Are new `.js` ui frameworks and - libs a fad?

Good question!

TL-DR: Most are, except:

Frameworks - not for me!

In web UI, frameworks like BackBone, Ember and Angular might be all nice and stuff, but when you start using them to compose larger applications, things tend to break down quite easily with less experienced developers.

Developing large client-side applications requires the same modelling skillset as developing large server-side applications; the complexity is usually not located in the infrastructure, but in properly mapping boundaries and responsibilities within your solution space.

I tend to grow my architecture as my application progresses. Using frameworks you can get something up and running very fast, but they enforce you into a single way of doing things.

As I am unable to predict the future, I have no guarantees that the framework I’ve picked will be able to provide the needs I require. If the needs are not fulfilled, I’ll need to work around this respecting the framework’s approach, or implement a plugin following the framework’s conventions and respecting it’s paradigms.

This requires lots of study and a deeper understanding of the framework you are using, so now you’re spending time on learning the ins and outs of the framework, which will probably contain lots of features that are not required for your specific use case.

After a while you waste more time on the framework and it’s quirks than on your solution domain.

This is exactly the reason why I advise strongly against using frameworks for anything that is not completely known upfront.

Things like getting a http request and parsing it are unlikely to change during the life-cycle of your project, so there’s not a lot of risk involved when you opt for a certain de-facto industry-standard webserver.

UI frameworks tend to be written for certain use cases, like grids etc, but once you get in to the more complex cases, It will come back to you with a vengeance.

Frameworks are all about “Don’t call us, we’ll call you”, while libraries are about “I’ll call you”. It’s about who is in control.

What I’ve seen a lot, is that people start using these frameworks to get something up and running fast, without overthinking the architecture much. After a while, the cost of migrating becomes to high, so they end up using the framework as a top-level architecture.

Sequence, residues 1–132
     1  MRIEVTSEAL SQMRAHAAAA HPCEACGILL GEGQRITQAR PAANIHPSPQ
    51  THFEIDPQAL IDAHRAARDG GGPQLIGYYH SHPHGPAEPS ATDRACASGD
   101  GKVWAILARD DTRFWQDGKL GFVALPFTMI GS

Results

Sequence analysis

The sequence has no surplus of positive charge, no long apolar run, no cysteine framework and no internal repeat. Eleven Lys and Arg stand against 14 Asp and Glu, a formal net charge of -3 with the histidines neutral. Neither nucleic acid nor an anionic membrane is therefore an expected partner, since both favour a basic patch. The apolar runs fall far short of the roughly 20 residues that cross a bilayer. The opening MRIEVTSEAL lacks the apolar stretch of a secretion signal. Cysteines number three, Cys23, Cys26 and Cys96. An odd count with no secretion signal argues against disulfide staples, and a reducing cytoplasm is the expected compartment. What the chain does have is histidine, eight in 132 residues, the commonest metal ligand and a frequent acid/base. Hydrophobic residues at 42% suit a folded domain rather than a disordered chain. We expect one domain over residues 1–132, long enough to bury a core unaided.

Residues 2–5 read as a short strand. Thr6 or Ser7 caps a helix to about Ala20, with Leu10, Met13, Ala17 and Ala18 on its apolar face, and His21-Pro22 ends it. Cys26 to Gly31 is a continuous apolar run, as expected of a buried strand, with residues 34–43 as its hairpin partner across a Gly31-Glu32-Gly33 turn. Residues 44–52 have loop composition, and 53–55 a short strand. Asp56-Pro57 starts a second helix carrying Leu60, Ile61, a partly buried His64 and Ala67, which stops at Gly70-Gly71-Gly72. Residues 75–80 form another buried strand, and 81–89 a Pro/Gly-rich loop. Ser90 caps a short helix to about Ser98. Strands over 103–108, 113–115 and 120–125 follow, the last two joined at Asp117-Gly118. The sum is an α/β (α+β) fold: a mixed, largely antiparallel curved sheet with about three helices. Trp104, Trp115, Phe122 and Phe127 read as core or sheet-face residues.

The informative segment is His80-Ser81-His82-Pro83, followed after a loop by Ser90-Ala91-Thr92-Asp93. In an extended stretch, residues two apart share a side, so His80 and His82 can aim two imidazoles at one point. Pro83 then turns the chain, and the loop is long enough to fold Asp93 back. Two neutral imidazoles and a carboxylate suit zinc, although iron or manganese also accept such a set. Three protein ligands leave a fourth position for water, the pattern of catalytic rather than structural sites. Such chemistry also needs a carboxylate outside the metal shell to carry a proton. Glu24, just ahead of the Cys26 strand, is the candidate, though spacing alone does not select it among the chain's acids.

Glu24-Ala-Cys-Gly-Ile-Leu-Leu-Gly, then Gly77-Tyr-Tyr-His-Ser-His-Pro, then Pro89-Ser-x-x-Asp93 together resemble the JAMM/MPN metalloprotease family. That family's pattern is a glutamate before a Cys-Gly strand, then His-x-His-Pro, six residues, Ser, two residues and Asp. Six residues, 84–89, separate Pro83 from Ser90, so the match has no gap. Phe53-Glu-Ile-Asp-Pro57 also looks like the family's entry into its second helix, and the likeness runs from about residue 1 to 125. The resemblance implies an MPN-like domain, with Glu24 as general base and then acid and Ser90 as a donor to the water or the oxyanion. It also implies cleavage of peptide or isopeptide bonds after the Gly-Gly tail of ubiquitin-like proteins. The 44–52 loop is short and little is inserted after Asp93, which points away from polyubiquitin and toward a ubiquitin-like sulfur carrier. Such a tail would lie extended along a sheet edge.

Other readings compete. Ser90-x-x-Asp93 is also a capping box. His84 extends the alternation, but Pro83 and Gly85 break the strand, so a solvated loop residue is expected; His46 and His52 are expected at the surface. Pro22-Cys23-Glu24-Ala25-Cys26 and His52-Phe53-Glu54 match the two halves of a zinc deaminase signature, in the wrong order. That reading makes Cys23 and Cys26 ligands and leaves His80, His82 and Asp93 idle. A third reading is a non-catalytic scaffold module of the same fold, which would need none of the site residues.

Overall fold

Frameworks - “just say NO”, unless you can keep it contained and/or requirements are frozen forever.

Libs - yes, but …

I’ve been programming since I was seven years old. As I’m now nearing forty, I can tell you that I have seen quite a lot of fads passing by.

For example, I recall a moment where one of my product managers was dreaming about selecting personnel files from a cabinet in 3D as opposed to selecting it from a list on the screen, back when 3D was all shiny and stuff. Can you imagine that?!?!?

I’ve been doing web front-end development more than ten years now. I’ve only learned two client-side UI libraries over this decade, and this week I’m considering to invest some time in a new one.

Here’s the ramp up:

jQuery

Well, I guess nobody can ignore the importance of jQuery. It allowed us to separate behavior from representation in a proper way. The key difference between jQuery and it’s predecessors, are the way they allowed you to traverse your DOM: libraries like jQuery introduces us to declarative document traversal, so we went from (pseudo-code)

for each domEl in body.children
  if domEl.id == "some-list"
    for each domEl2 in domEl.children
      if domEl2.id == "some-item-id"
        domEl2.innerHTML = "Woohoo"

to

$("#somelist #someItemId").html("Woohoo")

So instead of specifying the computer how to traverse the DOM, we just tell him what we want, and the computer figures it out on his own, hence declarative.

However, whenever you changed some data in your app, you still had to manually update the DOM elements. It took a decade and a plethora of frameworks to get to the next revelation.

React

When you use jQuery, most of your code ends up something like this:

<div id="some-div"></div>
<input id="some-text"/>

$("#someText").change( () => $("#some-div").html($("#some-text").val()));

This gets old really fast, especially when you have a lot of UI to update.

It also requires a lot of discipline to keep it well-structured. So can we somehow make this declarative as well?